How They Spend Their Sundays
McDermott’s rare talent for conveying a crisp image of a scene shines in this collection of fresh, tightly woven stories.
Courtney McDermott’s collection of short stories, How They Spend Their Sundays, is like a Whitman’s Sampler of chocolates secreting fillings from nuts to caramel and marshmallow. Unlike the candy, where one bite of an unappreciated filling is enough to close the cover, McDermott’s collection, set in the African country of Lesotho, surprises the reader.
Sparse prose—one sentence or fragment pulls the reader in tight—creates a crisp picture of what McDermott is conveying without having to over explain. In “The Secrets of Mothers and Daughters,” the narrator tells her dying father, “I am not your daughter,” the phrase like a great exhale accompanied by the last gasp of the man, no longer a father, and a slight twist in the reader’s gut releasing the pain this young woman has carried since her mother deserted her many years before.
In “An Apocalyptic Search for Water,” the narrator is in a world devoid of human life: “Alone and lonely are two English words I never could understand when I was in school. But I get them now. Lonely is feeling. I feel lonely when I see married couples and when I sit with young girls … But Alone. That is being. And, when I look outside of the clinic door, I see the rock hills and dying aloe trees. But, I hear no one. And this is what it means to be alone.”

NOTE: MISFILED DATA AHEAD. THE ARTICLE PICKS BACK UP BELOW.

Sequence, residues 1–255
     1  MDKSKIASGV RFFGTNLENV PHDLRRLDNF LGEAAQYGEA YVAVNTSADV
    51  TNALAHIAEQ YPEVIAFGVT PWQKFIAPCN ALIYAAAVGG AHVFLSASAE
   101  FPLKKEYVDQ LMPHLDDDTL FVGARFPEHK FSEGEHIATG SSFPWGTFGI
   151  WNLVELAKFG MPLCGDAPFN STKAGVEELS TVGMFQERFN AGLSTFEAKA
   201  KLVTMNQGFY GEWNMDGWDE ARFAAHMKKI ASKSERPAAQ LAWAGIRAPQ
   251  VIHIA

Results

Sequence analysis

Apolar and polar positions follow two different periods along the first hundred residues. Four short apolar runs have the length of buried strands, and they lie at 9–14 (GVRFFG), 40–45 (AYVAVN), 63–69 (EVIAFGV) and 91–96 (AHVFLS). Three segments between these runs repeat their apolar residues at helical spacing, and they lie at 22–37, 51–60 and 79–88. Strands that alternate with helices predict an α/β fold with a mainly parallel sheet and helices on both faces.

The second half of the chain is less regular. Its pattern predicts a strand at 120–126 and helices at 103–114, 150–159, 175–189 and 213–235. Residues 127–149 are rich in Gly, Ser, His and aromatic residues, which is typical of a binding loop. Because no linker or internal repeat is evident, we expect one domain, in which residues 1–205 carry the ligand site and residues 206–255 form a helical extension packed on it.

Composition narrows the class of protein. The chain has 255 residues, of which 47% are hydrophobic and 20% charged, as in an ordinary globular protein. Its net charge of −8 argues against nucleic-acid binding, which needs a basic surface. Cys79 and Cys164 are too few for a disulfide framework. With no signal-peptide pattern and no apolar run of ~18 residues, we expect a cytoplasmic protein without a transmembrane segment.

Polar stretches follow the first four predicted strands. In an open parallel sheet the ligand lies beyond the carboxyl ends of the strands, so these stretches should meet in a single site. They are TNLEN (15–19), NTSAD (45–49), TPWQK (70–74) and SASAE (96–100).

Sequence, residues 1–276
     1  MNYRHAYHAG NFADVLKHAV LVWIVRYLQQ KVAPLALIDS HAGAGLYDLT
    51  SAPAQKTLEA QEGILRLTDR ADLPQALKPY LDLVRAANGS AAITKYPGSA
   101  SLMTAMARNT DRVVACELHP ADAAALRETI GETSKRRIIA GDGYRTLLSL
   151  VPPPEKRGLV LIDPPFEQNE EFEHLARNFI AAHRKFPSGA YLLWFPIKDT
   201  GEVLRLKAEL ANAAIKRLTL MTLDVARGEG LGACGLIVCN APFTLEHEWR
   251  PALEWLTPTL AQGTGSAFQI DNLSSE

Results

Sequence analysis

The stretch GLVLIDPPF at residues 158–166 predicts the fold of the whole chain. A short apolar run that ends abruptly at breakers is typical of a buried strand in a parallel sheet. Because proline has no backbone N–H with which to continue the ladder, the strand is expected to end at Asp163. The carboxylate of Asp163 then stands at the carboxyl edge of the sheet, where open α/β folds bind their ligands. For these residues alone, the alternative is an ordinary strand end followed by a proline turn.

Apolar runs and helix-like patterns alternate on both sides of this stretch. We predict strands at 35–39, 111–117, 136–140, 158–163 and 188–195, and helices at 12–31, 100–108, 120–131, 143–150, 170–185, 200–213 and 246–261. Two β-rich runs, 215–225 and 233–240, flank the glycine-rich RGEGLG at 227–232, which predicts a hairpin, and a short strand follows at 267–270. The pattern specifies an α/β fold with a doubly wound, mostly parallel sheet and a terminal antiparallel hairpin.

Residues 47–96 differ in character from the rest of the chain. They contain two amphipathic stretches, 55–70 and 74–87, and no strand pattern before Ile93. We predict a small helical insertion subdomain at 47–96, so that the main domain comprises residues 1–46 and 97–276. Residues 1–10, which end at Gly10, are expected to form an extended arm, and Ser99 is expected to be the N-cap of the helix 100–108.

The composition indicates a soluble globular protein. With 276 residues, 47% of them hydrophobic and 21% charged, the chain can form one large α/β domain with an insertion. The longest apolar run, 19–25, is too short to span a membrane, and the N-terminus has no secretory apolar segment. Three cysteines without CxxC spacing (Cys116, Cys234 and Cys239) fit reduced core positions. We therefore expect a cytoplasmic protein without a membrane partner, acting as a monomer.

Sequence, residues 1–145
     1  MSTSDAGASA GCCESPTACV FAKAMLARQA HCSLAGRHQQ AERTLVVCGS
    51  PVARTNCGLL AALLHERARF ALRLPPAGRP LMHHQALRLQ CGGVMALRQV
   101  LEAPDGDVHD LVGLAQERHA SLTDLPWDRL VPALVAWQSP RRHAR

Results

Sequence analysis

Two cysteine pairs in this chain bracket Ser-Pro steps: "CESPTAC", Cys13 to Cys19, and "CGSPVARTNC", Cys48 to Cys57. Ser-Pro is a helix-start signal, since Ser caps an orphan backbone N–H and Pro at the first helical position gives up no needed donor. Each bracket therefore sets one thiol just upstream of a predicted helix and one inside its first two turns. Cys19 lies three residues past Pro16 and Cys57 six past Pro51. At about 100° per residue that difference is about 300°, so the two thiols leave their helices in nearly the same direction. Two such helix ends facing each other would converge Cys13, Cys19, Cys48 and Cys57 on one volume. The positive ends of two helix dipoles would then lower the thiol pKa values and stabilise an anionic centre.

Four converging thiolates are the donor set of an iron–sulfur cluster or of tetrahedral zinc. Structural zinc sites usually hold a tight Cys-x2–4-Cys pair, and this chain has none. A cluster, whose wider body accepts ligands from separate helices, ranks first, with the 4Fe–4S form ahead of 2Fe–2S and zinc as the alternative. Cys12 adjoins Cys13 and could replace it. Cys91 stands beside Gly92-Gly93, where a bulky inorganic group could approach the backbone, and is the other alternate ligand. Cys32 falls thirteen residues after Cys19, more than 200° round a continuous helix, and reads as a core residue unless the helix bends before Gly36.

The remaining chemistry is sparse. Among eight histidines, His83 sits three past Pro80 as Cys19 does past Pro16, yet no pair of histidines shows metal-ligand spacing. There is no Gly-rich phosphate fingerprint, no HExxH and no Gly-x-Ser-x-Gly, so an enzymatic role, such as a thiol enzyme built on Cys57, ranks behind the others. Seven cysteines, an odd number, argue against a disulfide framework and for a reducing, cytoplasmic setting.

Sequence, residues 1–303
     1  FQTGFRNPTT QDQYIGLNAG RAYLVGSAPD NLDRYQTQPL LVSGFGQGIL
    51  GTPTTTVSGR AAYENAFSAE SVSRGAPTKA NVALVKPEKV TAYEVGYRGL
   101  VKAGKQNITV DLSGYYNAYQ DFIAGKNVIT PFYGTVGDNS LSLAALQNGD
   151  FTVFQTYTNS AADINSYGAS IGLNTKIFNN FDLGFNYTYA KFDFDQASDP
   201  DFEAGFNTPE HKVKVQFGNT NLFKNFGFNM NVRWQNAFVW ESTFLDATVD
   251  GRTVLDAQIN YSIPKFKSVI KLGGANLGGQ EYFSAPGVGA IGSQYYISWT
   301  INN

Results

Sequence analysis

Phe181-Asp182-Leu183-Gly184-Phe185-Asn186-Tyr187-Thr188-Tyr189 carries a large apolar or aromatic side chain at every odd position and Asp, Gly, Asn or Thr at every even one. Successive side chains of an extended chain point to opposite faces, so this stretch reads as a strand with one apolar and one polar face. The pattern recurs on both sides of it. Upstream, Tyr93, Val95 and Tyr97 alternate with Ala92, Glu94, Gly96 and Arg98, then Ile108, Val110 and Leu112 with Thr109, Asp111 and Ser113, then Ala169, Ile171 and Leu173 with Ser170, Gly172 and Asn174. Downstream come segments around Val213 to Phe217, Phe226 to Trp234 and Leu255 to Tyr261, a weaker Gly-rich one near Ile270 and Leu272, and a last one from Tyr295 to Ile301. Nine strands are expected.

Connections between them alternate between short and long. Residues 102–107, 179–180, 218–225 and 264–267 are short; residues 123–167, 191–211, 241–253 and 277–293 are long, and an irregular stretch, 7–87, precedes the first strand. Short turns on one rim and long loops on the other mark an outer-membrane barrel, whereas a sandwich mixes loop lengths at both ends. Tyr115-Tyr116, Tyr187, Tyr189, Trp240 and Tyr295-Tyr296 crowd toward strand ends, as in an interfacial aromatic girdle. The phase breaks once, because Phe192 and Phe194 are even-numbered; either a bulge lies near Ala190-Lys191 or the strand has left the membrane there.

“The Ashen Shoes” is a modern-day take on the fairy tale Cinderella, with the same morals and ethics built in with a feather-like touch. Maseeiso is the youngest and chores and child-minding prevent her from pursuing an education. Instead of the gorgeous fairy godmother, the local witch doctor arrives to conjure up a dress, shoes, and a ride to the King’s celebration. Introduced to a young professor of English and, speaking of poetry, Maseeiso declares that she “liked Byron for being romantic. He compared women’s beauty to the night. No one ever says that darkness is beautiful.” A beautiful sentence and a lovely nod to the current that runs through the stories about the discrimination between white and black and the caste system between the various skin tones.
“Evenings with Hilda” is a rare treat. Without ever using the term “vampire,” the reader understands immediately that this is the narrator of the best piece in the collection. Turning today’s lust and blood crazed vampires of television and big screen fame on their head, this immortal is in the business of helping those close to death to a serene end to their suffering: “at least they will leave with someone having been merciful to them.”
How They Spend Their Sundays is a fresh, taut collection. Born and raised in Iowa, McDermott served as a Peace Corps volunteer in Lesotho and is adroit at evoking the surroundings, characters, culture, and voice of that faraway country.
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